We were paid less than $300 a month to teach three comp classes while we took four classes at a time and covered tuition and books. I did catering on the side and learned to make petit fours for a wedding of 400 guests and a crazy bride, who threatened to throw herself off a cliff because her wedding dress didn’t reveal the full extent of her cleavage and a tiny bit of her spray-on tan rubbed off on the ivory lace. The frosting on those baby cakes melted in the trunk of a car in Oklahoma’s summer’s heat. This particularly inane mother of the bride was driving 70 miles to the reception tent and blamed me, with voluminous velocity, for the fact that real butter actually melts. So much for alternative careers; I stuck it out in school, so I could lap swim for free at the university pool.
That was school and this is life. Back to the way our writing world has mutated at considerable speed. I had a dream about the good old times when someone wrote and made me smile: “I love the music of your style, your vivid imagery, and poignant themes. We’d like to publish these three poems…” Unfortunately, I had to pee, shook wide awake just when the ancient dream was starting to bloom. I have other sterling memories of my publishing life in the earlier days. A woman setting up author spotlights at our local Barnes & Noble conned me into doing a live reading. Twenty people showed up, I survived, but as it turned out the organizer went hysterical because she counted the book copies sold (a kindergartner could have pulled that one off) and she come up one short. She apologized for a good half hour, while I busy rejoicing like the Mormon Tabernacle Choir. “Amazing Grace” was playing on the intercom. Someone actually cared enough to steal my book. Usually, I give them away and they get tossed in the back of a van inside a box of over-grown zucchini said receiver only took to be polite and never intended to touch.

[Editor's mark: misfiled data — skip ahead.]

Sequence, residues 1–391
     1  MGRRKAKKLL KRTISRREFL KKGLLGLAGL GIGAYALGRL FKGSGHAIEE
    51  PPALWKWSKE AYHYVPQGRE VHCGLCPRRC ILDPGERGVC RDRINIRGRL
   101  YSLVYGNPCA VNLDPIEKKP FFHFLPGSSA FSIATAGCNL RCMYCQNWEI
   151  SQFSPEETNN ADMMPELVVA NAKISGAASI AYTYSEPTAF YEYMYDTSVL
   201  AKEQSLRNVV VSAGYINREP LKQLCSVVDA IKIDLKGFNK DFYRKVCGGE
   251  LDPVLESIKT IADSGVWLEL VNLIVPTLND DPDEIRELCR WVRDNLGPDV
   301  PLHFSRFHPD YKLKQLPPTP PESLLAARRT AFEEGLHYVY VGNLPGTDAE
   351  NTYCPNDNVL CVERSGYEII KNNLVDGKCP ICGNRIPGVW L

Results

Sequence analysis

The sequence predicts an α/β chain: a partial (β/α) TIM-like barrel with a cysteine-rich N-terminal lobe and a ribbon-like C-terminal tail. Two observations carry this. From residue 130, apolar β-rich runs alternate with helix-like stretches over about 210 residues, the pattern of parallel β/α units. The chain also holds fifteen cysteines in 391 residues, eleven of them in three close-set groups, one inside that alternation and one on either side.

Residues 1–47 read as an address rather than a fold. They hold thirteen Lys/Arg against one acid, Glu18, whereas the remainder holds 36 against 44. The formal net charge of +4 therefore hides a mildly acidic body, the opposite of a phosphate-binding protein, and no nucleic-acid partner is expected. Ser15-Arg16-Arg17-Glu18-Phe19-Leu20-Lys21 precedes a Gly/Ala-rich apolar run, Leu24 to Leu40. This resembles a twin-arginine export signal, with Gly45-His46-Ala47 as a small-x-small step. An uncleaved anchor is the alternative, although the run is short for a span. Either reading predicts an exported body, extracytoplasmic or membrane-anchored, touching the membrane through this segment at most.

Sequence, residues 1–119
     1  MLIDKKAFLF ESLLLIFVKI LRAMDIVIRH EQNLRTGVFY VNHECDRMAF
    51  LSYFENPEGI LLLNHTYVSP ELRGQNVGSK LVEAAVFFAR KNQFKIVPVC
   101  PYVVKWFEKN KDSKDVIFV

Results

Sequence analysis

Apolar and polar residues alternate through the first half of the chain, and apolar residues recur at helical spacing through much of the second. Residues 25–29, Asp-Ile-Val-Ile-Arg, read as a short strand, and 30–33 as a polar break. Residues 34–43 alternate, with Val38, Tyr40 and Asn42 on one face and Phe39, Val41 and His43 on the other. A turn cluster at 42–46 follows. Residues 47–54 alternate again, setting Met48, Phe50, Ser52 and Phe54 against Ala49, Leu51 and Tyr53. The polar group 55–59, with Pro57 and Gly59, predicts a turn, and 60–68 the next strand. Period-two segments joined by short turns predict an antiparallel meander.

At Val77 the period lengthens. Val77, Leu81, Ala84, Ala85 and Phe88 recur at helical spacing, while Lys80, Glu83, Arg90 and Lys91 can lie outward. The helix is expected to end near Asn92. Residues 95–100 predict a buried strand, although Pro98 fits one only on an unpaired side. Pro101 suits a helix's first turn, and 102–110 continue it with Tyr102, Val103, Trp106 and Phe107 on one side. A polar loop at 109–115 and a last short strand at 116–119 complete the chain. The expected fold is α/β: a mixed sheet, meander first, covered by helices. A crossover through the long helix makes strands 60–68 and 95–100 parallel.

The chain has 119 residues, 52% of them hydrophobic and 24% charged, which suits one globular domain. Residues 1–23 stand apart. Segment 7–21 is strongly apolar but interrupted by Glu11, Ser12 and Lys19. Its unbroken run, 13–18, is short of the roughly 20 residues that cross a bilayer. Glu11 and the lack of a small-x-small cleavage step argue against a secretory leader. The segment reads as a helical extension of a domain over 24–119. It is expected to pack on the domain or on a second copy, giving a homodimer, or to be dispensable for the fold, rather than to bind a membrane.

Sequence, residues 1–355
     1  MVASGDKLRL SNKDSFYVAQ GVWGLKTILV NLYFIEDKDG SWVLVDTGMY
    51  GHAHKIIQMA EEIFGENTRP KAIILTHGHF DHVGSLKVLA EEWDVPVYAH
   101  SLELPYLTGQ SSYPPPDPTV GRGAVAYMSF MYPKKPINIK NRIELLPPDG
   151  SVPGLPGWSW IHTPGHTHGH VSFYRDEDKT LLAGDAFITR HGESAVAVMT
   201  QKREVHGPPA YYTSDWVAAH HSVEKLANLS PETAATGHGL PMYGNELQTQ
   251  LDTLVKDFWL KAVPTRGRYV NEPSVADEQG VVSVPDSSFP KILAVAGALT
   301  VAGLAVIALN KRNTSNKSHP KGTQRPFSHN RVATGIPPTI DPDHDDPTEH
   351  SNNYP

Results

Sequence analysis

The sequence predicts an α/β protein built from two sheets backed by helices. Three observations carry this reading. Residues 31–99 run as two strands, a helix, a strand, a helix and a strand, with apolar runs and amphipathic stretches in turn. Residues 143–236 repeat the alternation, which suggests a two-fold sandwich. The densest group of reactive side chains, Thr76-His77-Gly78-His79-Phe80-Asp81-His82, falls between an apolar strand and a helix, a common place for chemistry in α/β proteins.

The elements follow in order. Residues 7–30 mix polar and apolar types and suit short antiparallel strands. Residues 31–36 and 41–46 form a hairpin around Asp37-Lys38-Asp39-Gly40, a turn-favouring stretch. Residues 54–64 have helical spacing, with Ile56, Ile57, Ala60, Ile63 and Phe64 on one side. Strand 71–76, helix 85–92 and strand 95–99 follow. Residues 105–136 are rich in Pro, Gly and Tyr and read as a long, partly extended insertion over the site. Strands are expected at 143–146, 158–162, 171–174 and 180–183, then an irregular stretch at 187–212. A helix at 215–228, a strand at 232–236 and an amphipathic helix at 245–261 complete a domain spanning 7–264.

Another one, right behind being honored for my disability-related poetry at The United Nations Exhibit Hall in New York City (replete with free plane tickets and lodging), happened just the other day. A woman on the team who cleans our house (one whom I had never met) walked down the hall last week and said, “I love your poetry. I have one of your books. I bought it in a bookstore while my husband and I were staying in Reno.” If one can faint sitting upright in a chair, I’m sure I did. How cool is this! She’d rather spend her salary on poetry, than put it in a slot machine. Needless to say, she could have skipped the housework entirely and still garnered a magnanimous tip. I was in shock for days.